Detailed plans for the construction of London’s proposed ‘Supersewer’, developed by Thames Water, will be delivered to the Planning Inspectorate on 28 February 2013.
The company has today confirmed that is the date it will submit its 50,000 page Development Consent application for the project, urgently required to help tackle discharges of untreated sewage to the tidal River Thames.
Within 28 days the Inspectorate will decide whether the application is a valid one, including for example whether the consultation undertaken was adequate.
If accepted, all the application documents will appear in their own section of the Planning Inspectorate’s National Infrastructure website. Thames Water will also make them available for scrutiny at six public locations, to be announced next month, along the tunnel’s proposed route, three either side of the river.
Phil Stride, Head of Thames Tideway Tunnel at Thames Water, said:
“Following a thorough process of public consultation, which started back in September 2010, we have now finalised a highly detailed document, explaining how the project’s delivery will be managed.
“It’s the result of many months of work by the team to ensure the application addresses all the relevant legal and technical issues.”
If the Inspectorate accepts the application is a valid one, it will appoint an Examining Authority of up to five inspectors to consider any matters arising. As part of this process, interested parties will be able to make representations.
A Preliminary Meeting, open to those who have registered an interest, is expected to take place in early September 2013. Chaired by the Inspectorate, this will determine how the examination will be carried out. This will include consideration of more detailed hearings on site specific matters, as well as project-wide issues.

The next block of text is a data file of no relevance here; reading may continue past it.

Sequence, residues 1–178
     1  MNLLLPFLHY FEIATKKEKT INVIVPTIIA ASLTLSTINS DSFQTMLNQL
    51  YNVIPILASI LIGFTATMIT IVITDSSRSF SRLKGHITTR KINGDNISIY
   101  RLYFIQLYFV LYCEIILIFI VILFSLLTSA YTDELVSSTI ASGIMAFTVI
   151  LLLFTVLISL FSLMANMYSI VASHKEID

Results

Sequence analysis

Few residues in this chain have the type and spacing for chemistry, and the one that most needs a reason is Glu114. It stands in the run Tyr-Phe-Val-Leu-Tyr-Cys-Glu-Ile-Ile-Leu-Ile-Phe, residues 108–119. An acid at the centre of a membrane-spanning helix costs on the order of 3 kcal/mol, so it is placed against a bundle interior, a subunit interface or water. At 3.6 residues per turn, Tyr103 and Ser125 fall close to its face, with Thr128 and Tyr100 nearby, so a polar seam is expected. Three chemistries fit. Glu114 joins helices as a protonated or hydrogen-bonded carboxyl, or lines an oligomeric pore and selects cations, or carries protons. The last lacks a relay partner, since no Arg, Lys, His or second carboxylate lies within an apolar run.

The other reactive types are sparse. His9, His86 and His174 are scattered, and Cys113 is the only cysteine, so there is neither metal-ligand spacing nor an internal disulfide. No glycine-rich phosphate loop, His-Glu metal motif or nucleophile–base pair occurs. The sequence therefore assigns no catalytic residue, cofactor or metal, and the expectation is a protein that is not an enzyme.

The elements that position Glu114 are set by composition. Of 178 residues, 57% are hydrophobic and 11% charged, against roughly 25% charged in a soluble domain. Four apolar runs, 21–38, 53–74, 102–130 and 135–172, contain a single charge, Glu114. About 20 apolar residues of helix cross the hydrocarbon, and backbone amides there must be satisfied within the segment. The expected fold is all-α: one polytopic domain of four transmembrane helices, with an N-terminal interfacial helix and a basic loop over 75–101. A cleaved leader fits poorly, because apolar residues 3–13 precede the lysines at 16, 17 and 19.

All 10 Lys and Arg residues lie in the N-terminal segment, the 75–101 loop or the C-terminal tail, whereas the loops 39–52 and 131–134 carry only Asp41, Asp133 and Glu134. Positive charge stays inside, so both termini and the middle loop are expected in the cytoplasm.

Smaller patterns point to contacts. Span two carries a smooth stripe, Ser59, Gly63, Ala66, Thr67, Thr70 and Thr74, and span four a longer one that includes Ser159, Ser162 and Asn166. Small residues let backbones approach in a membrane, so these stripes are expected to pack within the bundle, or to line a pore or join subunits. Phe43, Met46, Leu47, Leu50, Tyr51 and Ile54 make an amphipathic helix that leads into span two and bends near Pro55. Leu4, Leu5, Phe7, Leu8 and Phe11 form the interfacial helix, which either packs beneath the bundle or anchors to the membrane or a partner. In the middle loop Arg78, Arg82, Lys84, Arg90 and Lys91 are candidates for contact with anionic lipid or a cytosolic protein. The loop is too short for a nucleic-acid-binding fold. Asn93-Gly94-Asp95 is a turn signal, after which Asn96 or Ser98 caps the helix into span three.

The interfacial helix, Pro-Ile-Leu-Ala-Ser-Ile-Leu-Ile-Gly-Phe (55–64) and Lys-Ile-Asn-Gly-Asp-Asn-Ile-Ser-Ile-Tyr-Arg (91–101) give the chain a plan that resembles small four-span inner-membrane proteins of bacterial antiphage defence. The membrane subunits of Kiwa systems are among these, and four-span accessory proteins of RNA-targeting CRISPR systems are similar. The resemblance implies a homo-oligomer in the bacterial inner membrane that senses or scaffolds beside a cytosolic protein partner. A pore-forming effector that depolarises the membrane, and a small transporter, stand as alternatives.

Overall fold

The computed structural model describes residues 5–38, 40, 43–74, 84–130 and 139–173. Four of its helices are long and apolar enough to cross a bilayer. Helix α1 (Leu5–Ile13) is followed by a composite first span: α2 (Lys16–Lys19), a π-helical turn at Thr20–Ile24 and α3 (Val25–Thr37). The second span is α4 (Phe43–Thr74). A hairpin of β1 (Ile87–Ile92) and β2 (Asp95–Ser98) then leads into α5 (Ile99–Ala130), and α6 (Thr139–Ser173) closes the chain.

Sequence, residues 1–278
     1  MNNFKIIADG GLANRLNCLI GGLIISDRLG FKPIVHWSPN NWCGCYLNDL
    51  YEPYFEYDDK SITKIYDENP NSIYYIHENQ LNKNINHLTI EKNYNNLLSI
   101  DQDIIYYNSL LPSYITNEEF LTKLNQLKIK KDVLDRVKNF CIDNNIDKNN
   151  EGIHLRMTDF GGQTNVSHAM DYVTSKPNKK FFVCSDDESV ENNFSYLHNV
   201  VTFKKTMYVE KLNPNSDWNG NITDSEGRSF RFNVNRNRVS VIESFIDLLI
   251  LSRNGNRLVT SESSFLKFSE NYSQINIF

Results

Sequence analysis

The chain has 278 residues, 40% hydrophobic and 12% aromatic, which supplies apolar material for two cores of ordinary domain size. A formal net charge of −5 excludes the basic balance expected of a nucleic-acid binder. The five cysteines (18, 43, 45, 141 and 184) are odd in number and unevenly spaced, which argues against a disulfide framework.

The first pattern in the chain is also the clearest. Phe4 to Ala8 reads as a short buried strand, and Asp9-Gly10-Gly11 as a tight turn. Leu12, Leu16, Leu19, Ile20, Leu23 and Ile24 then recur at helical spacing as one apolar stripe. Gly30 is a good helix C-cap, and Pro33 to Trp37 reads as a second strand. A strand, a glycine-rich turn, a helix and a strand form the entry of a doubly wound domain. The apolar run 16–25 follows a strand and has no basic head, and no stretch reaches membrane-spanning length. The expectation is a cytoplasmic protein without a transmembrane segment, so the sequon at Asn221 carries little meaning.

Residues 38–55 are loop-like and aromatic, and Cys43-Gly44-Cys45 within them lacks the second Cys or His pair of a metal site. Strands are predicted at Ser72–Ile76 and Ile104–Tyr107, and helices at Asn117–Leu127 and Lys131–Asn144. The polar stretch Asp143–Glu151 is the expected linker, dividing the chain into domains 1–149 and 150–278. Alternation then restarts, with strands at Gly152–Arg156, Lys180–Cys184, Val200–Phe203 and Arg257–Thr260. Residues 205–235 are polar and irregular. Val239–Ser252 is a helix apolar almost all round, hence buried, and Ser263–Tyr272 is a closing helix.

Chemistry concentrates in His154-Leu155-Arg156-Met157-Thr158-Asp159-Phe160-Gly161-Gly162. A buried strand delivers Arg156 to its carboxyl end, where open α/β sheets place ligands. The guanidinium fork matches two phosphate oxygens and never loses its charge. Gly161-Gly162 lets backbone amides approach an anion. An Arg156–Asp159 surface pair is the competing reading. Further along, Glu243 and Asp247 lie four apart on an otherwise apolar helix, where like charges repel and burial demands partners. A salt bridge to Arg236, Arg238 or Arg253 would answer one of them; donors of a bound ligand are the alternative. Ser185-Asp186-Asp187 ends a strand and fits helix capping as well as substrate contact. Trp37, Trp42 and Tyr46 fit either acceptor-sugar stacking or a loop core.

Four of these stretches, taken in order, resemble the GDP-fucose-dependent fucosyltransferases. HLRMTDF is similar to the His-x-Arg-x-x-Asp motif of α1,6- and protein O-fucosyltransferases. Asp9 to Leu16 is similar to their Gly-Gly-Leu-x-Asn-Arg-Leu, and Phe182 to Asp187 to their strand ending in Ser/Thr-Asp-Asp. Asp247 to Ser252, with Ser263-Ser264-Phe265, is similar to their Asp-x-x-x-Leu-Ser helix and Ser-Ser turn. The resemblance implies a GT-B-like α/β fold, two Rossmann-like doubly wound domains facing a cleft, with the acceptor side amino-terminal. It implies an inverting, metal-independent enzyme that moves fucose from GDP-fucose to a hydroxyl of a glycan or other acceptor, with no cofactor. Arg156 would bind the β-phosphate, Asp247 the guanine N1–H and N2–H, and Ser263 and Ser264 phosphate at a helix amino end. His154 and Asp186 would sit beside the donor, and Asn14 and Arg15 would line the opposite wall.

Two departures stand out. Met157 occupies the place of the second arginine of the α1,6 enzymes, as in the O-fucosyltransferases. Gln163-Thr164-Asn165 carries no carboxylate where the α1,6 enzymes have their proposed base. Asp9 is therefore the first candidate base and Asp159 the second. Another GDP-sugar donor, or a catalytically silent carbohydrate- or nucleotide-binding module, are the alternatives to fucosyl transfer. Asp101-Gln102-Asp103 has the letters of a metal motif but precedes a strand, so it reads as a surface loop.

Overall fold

Once the Planning Inspectorate has concluded its examination of the application, a recommendation on whether or not to grant approval (by issuing a Development Consent Order) will be submitted to Government ministers to make the final decision. This is expected in Autumn 2014.
If consent is granted, preparatory construction work on the project is scheduled to start in 2015, with main tunnelling due to begin in 2016. The target completion date is 2023.
The Thames Tideway Tunnel proposals require a number of construction sites, from Acton in the west to Abbey Mills Pumping Station in Stratford in the east. There the 15-mile tunnel, the deepest and longest ever constructed in the capital, would join up with the Lee Tunnel, already under construction.
Along with separate work also under way to expand the capacity of the five sewage treatment works on the tidal River Thames, the tunnels’ purpose is to tackle the 39 million tonnes of untreated sewage that currently overflows into tidal stretches of the river in a typical year, when the capital’s Victorian sewerage network fills to capacity, sometimes after just 2mm of rainfall.
The tunnels will convey the excess sewage for processing to stringent standards at Beckton Sewage Treatment Works, with green energy being generated from the resulting sludge, before the treated water is returned to the River Thames.
All three schemes are needed to ensure the UK meets the requirements of the EU Urban Waste Water Treatment Directive.
Notes to editors
The Planning Inspectorate is the independent government agency responsible for operating the planning process for Nationally Significant Infrastructure Projects (NSIPs). The Infrastructure Planning Order (Waste Water Transfer and Storage Order) 2012 enables major projects, such as the Thames Tideway Tunnel to be designated as an NSIP Thames Water’s first phase of public consultation for the project ran from 10 September 2010 to 14 January 2011. The second phase ran from 4 November 2011 to 10 February 2012.
For further information, please contact: Thames Water Press Office (0203 577 4364).